I went browsing and managed to come across this, which I thought would be useful to know. "The Four Golden Rules for a Good plot" Added some comments to further explain.

a) Choose your complication and the steps to its resolution as detailed by the plot skeleton—this is your plot.
Putting it simply, start with a complex head and make sure there's a solution at the tail end

b) Flesh out your plot with colourful characters, a vivid setting, and carefully plan each scene and event to bring the readers a step closer to the climax (resolution).
Here's where you should think about whether or not some events you've added into your story proves beneficial to the plot, or just drags the pace.

c) Let your story end at a natural stopping place. Don’t give in to the temptation to let it linger on.
Not sure if any of you have experienced these but I have read a couple of stories that seemed like it had a hanging end. Do not mistake this for a story that leaves you wanting more. Look to your animes for the prominent differences. Some animes leave you "Hah? What does that mean?" This meant that it was left hanging. Others leave you with this, "I wanted more experiences from that world, more matches, more fights." This is what makes a good end.

d) Make sure that you haven’t created a ‘paper dragon’ and that your character(s) resolve the issue (or not) under their own power.
Imagine this. Johnny is trapped in an alleyway, the wall behind him too tall to climb over, there are no doors or windows at either side of him; just walls -and right in front of him is a menacing monster about 15 feet tall. There's no way he'll survive and he's going to die, eaten alive. But out from no where a strange lazer zaps the monster and it disintegrates. Keep in mind that the lazer nor technology of any form exists in this story. The lazer really came out of no where. Rather illogical and out of place right? Avoid this.

Just to add, I've just remembered another SPAG mistake I make pretty frequently, the "their" and "they're" syndrome. Know the difference and don't keep making this mistake.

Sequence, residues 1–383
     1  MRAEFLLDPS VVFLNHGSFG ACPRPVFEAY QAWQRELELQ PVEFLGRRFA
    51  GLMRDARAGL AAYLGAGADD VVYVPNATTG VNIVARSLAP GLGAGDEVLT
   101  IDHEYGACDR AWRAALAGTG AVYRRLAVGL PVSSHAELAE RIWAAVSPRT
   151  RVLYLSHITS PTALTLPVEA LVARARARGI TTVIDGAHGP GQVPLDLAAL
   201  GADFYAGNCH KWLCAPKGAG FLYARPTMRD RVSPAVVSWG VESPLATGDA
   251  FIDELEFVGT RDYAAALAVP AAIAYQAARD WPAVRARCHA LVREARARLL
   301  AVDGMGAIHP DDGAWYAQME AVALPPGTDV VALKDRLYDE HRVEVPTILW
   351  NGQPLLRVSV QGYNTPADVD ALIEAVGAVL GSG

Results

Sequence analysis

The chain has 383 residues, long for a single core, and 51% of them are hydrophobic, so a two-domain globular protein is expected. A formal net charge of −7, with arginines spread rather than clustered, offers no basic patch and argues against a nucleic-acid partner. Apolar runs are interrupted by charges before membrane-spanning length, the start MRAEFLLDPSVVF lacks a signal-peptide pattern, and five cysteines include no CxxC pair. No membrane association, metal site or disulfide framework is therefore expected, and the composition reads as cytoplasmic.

02-13-2008, 11:29 PM
Hypergraphian: Don't forget "there." It happens quite often, especially among younger folks.

02-14-2008, 01:49 AM
I do their there thier all the time.. <.<

02-14-2008, 08:31 AM
Hypergraphian: Don't forget "there." It happens quite often, especially among younger folks.

Yup... lol... thanks and "there" too :) .... gonna add this onto the main post

02-14-2008, 08:42 AM
I suppose you might as well throw its, it's, and its' in there too. They're also commonly misused.

02-14-2008, 11:56 AM
I suppose you might as well throw its, it's, and its' in there too. They're also commonly misused.

erm.... it was in the initial post already :p

02-14-2008, 05:02 PM
Yes, you touched on "it's" but the others could also be elaborated on ;p As I said, they're commonly misused.

02-14-2008, 07:19 PM
Did I confess that I only skimmed it all yet? :D

03-05-2008, 12:22 AM
Lately, I've been noticing horrible abuse of tenses in writing. Here are some simple tips to follow. Generally, writers maintain one tense for the main discourse and indicate changes in time frame by changing tense relative to that primary tense, which is usually either simple past or simple present. Even apparently non-narrative writing should employ verb tenses consistently and clearly.

General guideline: Do not shift from one tense to another if the time frame for each action or state is the same.

1. The ocean contains rich minerals that washed down from rivers and streams.
Contains is present tense, referring to a current state; washed down is past, but should be present (wash down) because the minerals are currently continuing to wash down.
Corrected: The ocean contains rich minerals that wash down from rivers and streams.

2. About noon the sky darkened, a breeze sprang up, and a low rumble announces the approaching storm.
Darkened and sprang up are past tense verbs; announces is present but should be past (announced) to maintain consistency within the time frame.
Corrected: About noon the sky darkened, a breeze sprang up, and a low rumble announced the approaching storm.

3. Yesterday we had walked to school but later rode the bus home.
Had walked is past perfect tense but should be past to maintain consistency within the time frame (yesterday); rode is past, referring to an action completed before the current time frame.
Corrected: Yesterday we walked to school but later rode the bus home.

04-02-2008, 08:06 PM
Bow to sensei!